AS A BOOK on Jews and America and Jews and film, Warner Bros is thus a disappointment (made even worse by Thomson’s occasional infelicitous fake yiddishisms, like “having his matzo and eating it.” But Thomson is nevertheless a delight to read when he sticks to films, as in his appreciation of Howard Hawks’ The Big Sleep, in which he is thorough and convincing in its case for its genius.
Happily, Thomson does not restrict himself to the human geniuses who inhabited Warner films. A better appreciation of Bugs Bunny is unlikely to be found anywhere. Writing about Bugs’ first appearance on the screen, in Elmer’s Pet Rabbit, he gets its star exactly right: “Bugs is an invader: he eats any and every vegetable he can see; he will take over Chez Fudd and make it his hotel; he is a trickster and a demon, without scruple or shame — but wordy (in seven minutes he comes on with ‘frankly,’ ‘irony,’ ‘humiliate,’ ‘responsible,’ and ‘cad’). And he talks to the camera.” In Bugs we find “the mayhem of liberty, the orgy of self and unrestrained id.”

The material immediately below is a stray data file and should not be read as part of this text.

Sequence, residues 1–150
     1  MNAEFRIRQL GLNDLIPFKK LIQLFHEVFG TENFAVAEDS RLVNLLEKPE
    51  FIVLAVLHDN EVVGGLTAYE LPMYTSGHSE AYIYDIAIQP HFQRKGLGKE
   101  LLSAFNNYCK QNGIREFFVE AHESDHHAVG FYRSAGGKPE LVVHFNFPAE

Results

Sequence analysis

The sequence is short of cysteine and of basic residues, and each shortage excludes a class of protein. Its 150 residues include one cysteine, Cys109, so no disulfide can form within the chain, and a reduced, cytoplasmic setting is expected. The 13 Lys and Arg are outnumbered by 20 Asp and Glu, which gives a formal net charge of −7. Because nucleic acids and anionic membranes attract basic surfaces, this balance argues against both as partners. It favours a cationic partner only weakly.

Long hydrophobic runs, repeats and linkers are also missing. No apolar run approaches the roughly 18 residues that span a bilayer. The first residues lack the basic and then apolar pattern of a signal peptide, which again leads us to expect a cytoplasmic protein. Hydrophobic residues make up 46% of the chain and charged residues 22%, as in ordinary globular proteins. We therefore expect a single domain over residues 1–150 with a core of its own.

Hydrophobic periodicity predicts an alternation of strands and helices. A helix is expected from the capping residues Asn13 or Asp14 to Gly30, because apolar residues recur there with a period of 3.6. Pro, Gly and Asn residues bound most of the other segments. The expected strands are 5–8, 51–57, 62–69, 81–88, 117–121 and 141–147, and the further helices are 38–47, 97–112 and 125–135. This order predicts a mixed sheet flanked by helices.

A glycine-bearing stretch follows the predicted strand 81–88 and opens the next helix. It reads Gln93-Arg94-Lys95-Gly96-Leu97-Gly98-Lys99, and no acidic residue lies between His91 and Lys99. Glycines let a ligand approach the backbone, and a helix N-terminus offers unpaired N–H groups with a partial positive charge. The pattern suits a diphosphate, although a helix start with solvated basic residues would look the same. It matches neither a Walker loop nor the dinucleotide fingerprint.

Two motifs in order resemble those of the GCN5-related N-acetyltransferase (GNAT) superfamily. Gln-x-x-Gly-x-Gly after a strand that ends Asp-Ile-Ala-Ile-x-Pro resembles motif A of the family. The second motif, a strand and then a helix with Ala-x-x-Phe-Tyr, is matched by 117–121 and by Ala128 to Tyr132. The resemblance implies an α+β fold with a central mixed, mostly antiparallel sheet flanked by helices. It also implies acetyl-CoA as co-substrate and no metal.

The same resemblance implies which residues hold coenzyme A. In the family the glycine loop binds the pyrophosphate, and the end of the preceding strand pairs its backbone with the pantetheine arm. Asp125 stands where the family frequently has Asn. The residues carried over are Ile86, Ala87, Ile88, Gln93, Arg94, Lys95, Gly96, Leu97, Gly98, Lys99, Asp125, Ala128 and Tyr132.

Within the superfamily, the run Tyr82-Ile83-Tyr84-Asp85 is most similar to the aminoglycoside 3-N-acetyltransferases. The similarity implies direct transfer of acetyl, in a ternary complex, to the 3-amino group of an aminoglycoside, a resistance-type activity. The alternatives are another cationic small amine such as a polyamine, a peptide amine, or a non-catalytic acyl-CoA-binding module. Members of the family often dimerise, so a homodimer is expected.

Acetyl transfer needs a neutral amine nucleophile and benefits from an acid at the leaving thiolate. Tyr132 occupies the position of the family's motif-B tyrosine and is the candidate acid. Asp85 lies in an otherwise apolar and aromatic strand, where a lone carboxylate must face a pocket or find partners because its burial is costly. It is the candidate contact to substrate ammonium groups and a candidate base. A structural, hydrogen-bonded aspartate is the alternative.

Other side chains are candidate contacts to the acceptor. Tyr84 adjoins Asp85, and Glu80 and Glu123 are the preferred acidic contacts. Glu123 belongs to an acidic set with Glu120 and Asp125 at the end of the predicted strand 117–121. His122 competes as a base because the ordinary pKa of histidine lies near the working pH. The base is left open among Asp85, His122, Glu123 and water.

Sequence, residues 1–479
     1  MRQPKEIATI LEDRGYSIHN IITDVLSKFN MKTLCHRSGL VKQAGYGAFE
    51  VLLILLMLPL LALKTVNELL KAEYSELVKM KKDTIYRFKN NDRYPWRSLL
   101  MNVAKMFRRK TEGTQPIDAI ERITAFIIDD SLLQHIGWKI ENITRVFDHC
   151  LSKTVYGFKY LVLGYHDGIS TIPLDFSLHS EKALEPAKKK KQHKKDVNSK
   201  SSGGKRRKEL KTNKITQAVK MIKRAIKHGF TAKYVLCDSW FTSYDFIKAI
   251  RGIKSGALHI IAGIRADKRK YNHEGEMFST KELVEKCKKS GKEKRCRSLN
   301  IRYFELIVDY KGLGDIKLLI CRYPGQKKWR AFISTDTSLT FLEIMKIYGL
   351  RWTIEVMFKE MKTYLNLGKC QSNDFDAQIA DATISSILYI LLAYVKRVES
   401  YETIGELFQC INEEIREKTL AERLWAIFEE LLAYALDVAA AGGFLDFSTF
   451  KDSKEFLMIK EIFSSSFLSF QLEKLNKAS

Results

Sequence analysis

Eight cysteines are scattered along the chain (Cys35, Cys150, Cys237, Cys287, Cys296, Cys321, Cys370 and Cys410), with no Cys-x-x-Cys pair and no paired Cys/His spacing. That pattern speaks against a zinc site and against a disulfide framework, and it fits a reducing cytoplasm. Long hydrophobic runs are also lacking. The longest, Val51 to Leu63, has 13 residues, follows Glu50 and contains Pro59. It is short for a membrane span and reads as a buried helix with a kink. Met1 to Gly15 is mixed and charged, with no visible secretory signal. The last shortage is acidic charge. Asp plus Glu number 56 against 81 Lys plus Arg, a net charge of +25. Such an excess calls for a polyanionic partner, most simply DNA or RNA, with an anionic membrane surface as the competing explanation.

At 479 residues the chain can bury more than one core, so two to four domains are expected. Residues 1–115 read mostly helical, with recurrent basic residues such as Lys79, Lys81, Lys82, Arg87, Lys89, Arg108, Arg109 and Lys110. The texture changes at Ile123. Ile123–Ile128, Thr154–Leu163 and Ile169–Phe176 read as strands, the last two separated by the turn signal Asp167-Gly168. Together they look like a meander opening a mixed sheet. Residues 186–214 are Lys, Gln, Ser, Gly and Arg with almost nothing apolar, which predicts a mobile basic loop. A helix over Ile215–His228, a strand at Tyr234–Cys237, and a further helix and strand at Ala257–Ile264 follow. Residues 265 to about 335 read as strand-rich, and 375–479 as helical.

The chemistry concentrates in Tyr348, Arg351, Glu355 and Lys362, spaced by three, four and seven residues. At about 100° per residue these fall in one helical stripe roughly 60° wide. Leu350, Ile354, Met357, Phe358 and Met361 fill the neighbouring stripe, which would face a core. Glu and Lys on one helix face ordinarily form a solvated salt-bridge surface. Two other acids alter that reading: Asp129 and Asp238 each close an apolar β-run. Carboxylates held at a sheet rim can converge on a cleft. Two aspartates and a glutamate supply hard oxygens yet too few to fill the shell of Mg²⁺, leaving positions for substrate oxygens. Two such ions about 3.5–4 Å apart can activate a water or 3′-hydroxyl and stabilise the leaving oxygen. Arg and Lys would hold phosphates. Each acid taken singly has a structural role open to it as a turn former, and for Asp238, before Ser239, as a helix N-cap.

This is David Thomson at his best, and Warner Bros, if it fails to provide equivalent insights into the Jewish history of the Warner studio, provides many like it in its analyses of films, filmmakers, and actors. In his brilliant 1985 novel Suspects, Thomson managed to prove that Travis Bickle of Taxi Driver was, in fact, the son of George Bailey of It’s a Wonderful Life. One puts this volume down regretting one main thing: his failure to prove that Bugs was a member of the tribe.
Mitchell Abidor, a contributing writer to Jewish Currents, is a writer and translator living in Brooklyn. Among his books are a translation of Victor Serge’s Notebooks 1936-1947, May Made Me: An Oral History of My 1968 in France, and I’ll Forget it When I Die, a history of the Bisbee Deportation of 1917. His writings have appeared in The New York Times, Foreign Affairs, Liberties, Dissent, The New York Review of Books, and many other publications.